ENGL 344/ENGL 444: London's Contemporary Theater (5 credits) VLPA
NB: This will be slightly amended once circumstances stabilize to make plain how the plays we book will conform both to the UK government's health and safety rules and those of UWSA. London is one of the theatre capitals of the world; more than ten million people attend performances in the West End alone, and in addition are dozens of smaller "fringe" venues throughout the city. We shall be seeing at least one play a week, and read some of them in order to appreciate the decisions that have been made in turning a text into a live production, looking at some of the essential elements of production and stagecraft. In addition to a production at the government-subsidised Royal National Theatre, and a production at the reproduction of Shakespeare's Globe where we shall be standing as "groundlings," just as the Elizabethan audience did, we shall be attending a commercial West End production and a fringe production. Backstage tours may include the National Theatre and the Globe in order to deepen your understanding of how theatre works; the class also takes a trip to Shakespeare's birthplace, Stratford-upon-Avon, where we shall be seeing two plays, one of them at the Royal Shakespeare Theatre. You will be asked to take notes on each of the productions we see and to use these notes to write a critical review of each of the productions, bearing in mind the class discussion.
Learning goals include:
Acquaintance with stagecraft and socio-cultural history of different types of theatre. The student will emerge versed in critical spectatorship--watching carefully, as well as reading critically. Written reviews of theater productions and a self-reflective essay lend themselves to increased writing capacity. Writing on deadline, as do journalists for theatre reviews, is a skill that will also serve the student well.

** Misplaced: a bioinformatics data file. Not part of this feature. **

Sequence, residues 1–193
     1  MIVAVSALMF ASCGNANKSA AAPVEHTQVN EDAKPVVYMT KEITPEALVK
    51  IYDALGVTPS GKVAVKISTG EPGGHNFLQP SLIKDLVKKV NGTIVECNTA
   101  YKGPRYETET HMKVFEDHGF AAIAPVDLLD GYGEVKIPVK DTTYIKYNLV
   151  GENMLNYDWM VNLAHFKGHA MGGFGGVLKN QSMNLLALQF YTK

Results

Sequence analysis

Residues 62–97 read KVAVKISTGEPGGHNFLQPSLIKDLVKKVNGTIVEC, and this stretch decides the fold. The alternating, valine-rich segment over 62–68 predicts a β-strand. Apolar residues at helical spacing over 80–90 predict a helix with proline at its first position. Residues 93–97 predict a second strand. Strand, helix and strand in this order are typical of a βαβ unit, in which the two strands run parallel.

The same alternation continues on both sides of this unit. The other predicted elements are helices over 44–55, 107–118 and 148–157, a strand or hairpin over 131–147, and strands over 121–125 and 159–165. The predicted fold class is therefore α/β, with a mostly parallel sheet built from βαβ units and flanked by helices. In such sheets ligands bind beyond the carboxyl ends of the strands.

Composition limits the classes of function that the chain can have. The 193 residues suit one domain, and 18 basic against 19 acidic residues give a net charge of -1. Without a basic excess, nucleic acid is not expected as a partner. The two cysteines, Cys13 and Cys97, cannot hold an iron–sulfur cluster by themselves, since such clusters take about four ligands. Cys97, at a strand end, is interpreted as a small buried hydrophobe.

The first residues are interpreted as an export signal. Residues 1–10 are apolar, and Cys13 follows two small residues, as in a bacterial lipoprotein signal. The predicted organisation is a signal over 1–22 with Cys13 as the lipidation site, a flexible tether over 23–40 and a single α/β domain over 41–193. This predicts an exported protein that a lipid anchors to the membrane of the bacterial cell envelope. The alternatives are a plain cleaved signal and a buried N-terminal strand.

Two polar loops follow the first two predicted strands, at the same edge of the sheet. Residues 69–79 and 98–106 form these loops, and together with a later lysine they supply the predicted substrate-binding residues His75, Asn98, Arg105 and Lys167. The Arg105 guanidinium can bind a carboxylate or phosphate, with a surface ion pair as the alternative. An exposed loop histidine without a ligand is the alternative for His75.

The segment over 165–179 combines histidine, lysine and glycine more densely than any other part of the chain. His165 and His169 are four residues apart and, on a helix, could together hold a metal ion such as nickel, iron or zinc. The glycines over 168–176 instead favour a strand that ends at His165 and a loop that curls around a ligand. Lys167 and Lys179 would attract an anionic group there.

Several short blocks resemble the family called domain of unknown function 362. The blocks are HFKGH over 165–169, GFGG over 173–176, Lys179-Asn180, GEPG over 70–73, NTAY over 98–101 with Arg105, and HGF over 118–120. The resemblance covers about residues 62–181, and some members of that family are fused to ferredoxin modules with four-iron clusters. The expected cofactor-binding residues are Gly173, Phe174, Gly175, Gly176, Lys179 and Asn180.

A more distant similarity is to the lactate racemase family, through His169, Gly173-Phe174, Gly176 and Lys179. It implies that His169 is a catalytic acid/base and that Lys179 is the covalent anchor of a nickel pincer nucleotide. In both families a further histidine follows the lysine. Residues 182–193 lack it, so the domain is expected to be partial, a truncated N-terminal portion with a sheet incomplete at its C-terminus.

ENGL 395: Writing London (5 credits) VLPA
This course takes London as both site and subject for creative writing. You walk the city as a flâneuse , observing the spectacle of everyday life in order to awaken your aesthetic senses. We visit writers' houses and historical sites in order to spark imagination: urban spaces that provide insight into the city, markets (Borough Market, Portobello Market), and green spaces such as Bloomsbury Garden Squares, commemoration to possibly the greatest novelist of the early 20th century, Virginia Woolf. We will visit museums and street art (Brick Lane) in order to think about interarts connections, and read some London texts to consider writerly styles and techniques. The course is conducted as a workshop, with students sharing writing for critique and revision. In addition to producing original creative writing, students will keep and turn in a "Commonplace Book" in which they record bits of the city, overheard conversations (the Tube is a great space for this) and self-selected quotations from readings that jump out to them as worthy, wonderful, and/or peculiar; turn in a portfolio. Students give readings of their work at the program's culmination. Prose (short stories and creative nonfiction in particular), short scripts, and poetry are all welcome. No previous experience in creative writing or performance is required.
Learning goals include:
Art is about paying attention (according to Laurie Anderson) and being alive to the diversity of everyday life is a crucial component to ethical creativity. Students will improve their critical thinking and writing skills, gain exposure to other writers' techniques, and increase their capacity for paying attention to detail.
ENGL 295: Contemporary London (2 credits) *VLPA
"Contemporary London" introduces students to political, cultural, social life in Britain through local experience and urban history. There is a major emphasis on direct contact with the people of contemporary Britain, and individual research projects which encourage students to follow up their own interests by recording and editing a written oral history of a Londoner. By visiting different areas of the city, the course engages diversity in multiple modes: race, religion, socioecomic relations; borough vs. city politics; crime and the police; and the problems and delights of being young in London today. Students will be assessed based on active and informed participation, and the completion of an oral history of a Londoner.
Learning goals include:
The course enables students to gain a deeper understanding of contemporary London, as well as the nation, and equips them better to understand their own society. Direct contact with the people and institutions of contemporary Britain provides students with the awareness of the complex interrelations of people and place. Active engagement allows focus and exposure to the history and diverse culture of the present moment; student projects foster a creative and grounded approach to education. Students will also become acquainted with how to research and assemble an oral history.
*This course does not count towards an English major because it is a Contemporary History course. This course counts as a VLPA.